Week of April 4, 2020 I swallowed most of a fly today at Spring Creek Park. It swept past my lips, then lodged itself into the back of my throat, launching a series of gagging coughs. A family of…
“un/synced” began as an exercise for a writing workshop—a last-minute couple of scenes that I threw onto the page an hour before deadline. It was our second week of shelter-in-place, my husband had been sick in bed for days and we were awaiting the results of his COVID test. I was in a kind of fog state, but still trying to minimally meet my commitments (care for my husband at a distance; shift client meetings to Zoom; convince my parents to steer clear of grocery stores; feed kids; turn something, anything really, in for my writing assignment).
In class at The Writers Studio, we had been reading Renata Adler’s Speedboat and I was drawn to the way her narrator’s fragmented observations unsettled me. It mirrored how I was feeling as the pandemic unfolded. At the same time, I was reading Jenny Offill’s Department of Speculation. Offill’s series of wry, sometimes tender, prose poems filled me with longing. Over the course of the novel, they intertwined and layered to depict a rich story of an artist, a mother, a marriage, a family. I felt buoyed, as if I were reading my way into a connected, larger whole.
I wanted to experiment with these techniques. What might I unlock by letting go of a need to explain? By allowing the story to exist in the white space between the words? By juxtaposing prose fragments and letting the way they sit next to one another on the page speak for itself?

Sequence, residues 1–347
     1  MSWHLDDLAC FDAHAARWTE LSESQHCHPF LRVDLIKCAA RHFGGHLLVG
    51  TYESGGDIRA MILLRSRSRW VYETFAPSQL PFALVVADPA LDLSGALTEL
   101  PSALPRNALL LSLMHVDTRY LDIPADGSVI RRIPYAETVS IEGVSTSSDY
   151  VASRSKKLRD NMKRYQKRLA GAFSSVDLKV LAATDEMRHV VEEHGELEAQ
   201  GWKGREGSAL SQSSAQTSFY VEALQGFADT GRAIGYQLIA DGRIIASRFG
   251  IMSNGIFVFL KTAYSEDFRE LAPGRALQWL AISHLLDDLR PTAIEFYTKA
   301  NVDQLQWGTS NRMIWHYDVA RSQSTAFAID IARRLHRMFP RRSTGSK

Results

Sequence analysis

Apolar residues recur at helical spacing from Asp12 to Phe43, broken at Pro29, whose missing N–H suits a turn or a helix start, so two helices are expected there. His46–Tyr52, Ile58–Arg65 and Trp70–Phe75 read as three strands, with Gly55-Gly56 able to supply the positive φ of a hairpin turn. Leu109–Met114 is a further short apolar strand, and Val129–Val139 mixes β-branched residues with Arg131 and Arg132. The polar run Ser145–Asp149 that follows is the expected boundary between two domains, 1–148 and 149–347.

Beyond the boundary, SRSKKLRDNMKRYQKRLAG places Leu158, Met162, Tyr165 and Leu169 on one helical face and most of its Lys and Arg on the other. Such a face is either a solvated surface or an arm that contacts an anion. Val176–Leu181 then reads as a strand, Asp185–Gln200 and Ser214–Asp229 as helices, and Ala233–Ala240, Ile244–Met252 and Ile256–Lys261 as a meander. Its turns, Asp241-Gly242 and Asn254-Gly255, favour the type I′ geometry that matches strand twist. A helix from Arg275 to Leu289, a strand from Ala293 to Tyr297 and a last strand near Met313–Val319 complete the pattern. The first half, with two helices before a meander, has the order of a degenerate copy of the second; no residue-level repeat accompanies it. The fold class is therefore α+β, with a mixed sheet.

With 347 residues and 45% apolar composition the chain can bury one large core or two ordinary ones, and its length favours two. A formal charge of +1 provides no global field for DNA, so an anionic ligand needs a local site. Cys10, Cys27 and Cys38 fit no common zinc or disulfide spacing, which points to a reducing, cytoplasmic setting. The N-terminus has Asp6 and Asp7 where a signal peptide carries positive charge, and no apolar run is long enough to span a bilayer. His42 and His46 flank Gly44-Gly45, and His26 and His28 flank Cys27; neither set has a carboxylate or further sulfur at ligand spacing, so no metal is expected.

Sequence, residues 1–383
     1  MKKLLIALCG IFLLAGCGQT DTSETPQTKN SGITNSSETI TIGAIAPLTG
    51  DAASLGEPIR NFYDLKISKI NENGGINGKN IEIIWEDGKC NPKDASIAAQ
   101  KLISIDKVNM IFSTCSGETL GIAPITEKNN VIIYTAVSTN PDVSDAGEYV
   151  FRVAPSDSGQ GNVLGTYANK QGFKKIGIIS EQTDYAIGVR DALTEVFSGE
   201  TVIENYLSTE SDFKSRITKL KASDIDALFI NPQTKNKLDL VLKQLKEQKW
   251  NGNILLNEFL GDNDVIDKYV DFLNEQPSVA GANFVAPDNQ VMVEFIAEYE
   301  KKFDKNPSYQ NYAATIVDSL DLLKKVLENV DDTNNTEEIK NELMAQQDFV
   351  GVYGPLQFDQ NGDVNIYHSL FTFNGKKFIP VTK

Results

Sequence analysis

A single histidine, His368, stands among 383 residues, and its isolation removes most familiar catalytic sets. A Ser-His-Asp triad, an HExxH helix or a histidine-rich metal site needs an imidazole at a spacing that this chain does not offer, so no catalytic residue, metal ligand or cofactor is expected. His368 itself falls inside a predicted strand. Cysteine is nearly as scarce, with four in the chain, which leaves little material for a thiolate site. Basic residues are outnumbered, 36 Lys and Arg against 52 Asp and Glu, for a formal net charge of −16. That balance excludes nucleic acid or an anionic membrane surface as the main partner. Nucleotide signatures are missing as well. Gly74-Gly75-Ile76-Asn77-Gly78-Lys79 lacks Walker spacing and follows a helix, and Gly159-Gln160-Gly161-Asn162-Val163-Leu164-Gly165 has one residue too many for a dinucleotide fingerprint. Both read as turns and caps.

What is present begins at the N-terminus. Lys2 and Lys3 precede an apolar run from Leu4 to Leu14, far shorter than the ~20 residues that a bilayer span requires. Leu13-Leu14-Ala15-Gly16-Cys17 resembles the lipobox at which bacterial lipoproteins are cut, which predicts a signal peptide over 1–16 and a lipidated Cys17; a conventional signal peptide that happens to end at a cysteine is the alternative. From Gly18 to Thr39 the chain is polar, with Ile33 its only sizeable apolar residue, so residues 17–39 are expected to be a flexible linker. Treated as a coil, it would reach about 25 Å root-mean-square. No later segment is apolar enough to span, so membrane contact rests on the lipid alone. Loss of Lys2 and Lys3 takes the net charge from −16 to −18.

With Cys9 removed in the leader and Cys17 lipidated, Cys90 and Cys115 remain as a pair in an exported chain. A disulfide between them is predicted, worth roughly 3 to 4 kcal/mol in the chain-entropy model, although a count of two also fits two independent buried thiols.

Writing this piece became a container for me to attune to and make sense of the pandemic as it unfolded in my environment (my environment being my living room, my backyard, Zoom meetings, phone calls). The “un/synced” narrator began to show up in my journal with her fragmented observations—sometimes wry, often filled with longing.
But it would be months before a connected, larger whole would begin to emerge. It wasn’t until I noticed that the characters I’d written were each working hard to manage their isolation, that I recognized what the story was about. I had to narrow the focus. I made myself deemphasize a theme of frantic self-improvement, dropping beloved fragments about a Zoom birdwatching workshop, a backyard exercise band workout, a meditation class that resulted in a sprained ankle. I merged what had been multiple characters and allowed attention to rest on the narrator. With fewer characters competing on the page, her relationships with her husband, with her friend, with her body felt richer and more nuanced. (Her relationship with her headphones was already fully realized.) What is left, I hope, in the words on the page and in the white space between them, is a character navigating connection and disconnection in an uncertain world.
LISA BASS lives, works, and writes at home with her family in California. Her writing has appeared in jmww. She studies at The Writers Studio.